Category:St Peters Church
St Peter's Church (1827) sits at the end of Grand Parade, and is at the bottom of Trafalgar Street. It's an important landmark for visitors coming to Brighton via the Station – the easiest way to get to the pier area via Grand Parade is "Head down Trafalgar Street, and turn right at the end, by the Church".
1825: "Topographical Sketches of Brighthelmston and its Neighbourhood":
The increased population of Brighton, as well as the required accommodation for its numerous visitants, had often suggested the expediency of erecting a New CHURCH; and, at length, the Commissioners agreeably to the general wish, have commenced an elegant building, near the northern entrance of the Town, in a fine open situation, between the London and Lewes roads. The first stone was laid with great ceremony, on the 8th of May, 1824, by the very reverend Dr. Carr, Vicar of Brighton, and Dean of Hereford, now Bishop of Chichester. It is designed in the Pointed, or Gothic, Style, as vulgarly called. Mr. Charles Barry being the Architect; and Mr William Ranger the Builder. When complete, it is to be dedicated to St. Peter.
— , E.W. Brayley, F.S.A., , Topographical Sketches of Brighthelmston and its Neighbourhood, , 1825
1826: Still under construction:
THE NEW CHURCH
This splendid Gothic building, erecting on the Level, at the entrance of the Town from the London Road, is to be dedicated to St. Peter, whose name it is to bear. Its appearance at present gives but a faint idea of what it will be when completed. There is also a new Chapel of Ease erecting, between Brighton and Kemp Town.
— , J. Whittemore, , Whittemore's Royal Brighton Guide, , 1826
– This handsome Gothic building was erected in 1827. It is situated at the north end of the town, at the junction of the London and Lewes roads, and is a great advantage to the inhabitants of that district, being the only place of worship of the Established Church in that part of Brighton. The interior is divided by three aisles, the principal of which runs through the body of the church, leading from the chief entrance to the altar, the others lead to the pews under the gallery. The building, which is of Portland stone, is embellished with various decorations of Gothic architecture; and, from its combined elegance and situation, forms one of the most striking features of the place. The costs of the building are estimated at about £15,000. The Curate is the Rev. Thomas Cooke. It is in the patronage of the Vicar of St Nicholas.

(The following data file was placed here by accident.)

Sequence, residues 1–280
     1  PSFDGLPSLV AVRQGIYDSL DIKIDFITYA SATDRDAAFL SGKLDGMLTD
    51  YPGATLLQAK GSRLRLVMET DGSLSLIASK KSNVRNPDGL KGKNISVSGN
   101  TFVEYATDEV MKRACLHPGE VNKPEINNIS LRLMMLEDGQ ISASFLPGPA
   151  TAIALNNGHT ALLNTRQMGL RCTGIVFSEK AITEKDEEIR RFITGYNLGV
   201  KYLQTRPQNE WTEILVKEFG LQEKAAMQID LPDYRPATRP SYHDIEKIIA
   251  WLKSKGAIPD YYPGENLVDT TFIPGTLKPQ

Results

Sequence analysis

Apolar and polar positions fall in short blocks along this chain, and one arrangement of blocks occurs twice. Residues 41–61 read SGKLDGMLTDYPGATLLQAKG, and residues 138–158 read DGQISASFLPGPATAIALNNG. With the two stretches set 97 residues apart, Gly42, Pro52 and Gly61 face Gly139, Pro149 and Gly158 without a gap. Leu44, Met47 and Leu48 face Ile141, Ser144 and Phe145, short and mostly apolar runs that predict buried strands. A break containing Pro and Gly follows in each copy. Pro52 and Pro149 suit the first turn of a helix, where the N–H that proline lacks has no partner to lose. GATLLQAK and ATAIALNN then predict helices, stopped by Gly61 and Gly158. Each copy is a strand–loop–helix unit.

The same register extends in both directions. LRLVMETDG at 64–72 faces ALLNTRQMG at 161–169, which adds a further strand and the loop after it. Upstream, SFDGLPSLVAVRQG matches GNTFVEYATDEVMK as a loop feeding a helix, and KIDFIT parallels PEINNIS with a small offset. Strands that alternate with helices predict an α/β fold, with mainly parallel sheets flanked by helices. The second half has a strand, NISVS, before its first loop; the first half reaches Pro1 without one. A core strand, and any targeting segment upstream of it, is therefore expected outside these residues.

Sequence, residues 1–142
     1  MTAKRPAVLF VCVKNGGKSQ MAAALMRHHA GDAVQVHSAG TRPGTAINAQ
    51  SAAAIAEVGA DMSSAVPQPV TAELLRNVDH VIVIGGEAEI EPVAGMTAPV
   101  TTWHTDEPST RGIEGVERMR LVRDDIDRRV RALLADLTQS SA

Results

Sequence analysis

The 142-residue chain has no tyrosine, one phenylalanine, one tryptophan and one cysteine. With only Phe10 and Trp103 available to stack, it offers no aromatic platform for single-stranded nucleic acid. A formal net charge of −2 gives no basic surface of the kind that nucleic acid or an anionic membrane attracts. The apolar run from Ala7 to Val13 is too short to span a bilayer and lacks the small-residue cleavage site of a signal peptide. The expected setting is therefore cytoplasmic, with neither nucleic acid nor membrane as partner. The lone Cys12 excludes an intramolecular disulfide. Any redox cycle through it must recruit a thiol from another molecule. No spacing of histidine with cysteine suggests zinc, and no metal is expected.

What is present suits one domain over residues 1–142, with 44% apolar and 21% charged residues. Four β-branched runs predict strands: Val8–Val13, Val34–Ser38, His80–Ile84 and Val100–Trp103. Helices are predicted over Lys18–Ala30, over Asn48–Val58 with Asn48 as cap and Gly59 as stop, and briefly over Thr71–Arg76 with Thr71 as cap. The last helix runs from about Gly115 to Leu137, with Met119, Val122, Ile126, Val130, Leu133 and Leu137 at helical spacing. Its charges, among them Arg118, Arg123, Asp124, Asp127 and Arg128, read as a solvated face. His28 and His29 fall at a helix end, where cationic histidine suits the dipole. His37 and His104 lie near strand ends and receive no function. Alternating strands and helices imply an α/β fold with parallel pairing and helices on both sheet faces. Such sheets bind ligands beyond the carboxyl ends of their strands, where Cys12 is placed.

— , Saunders, , The Stranger's Guide in Brighton; Being a Complete Companion to that Fashionable Place, and the Rides and Drives in Its Vicinity., , 1838
St. Peter's Church
, standing between the Victoria Gardens and the Level, has since 1873 been the Parish Church of Brighton. It is in the Perpendicular style of the fourteenth century, and was erected in 1824, from the design of Sir Charles Barry, at a cost of £20,000. It has since been much enlarged. Several of the windows are filled with stained glass, and the tower contains a fine peal of ten bells, said to be the largest in Sussex. They were given in 1914 by Mr. John Thornton Rickman of Lewes. The donor's name is inscribed on the great tenor bell, which weighs 25 cwt.
— , -, , A Pictorial and Descriptive Guide to Brighton and Hove, 10th Edition, , Ward, Locke & Co Ltd., , 1933
This category currently contains no pages or media.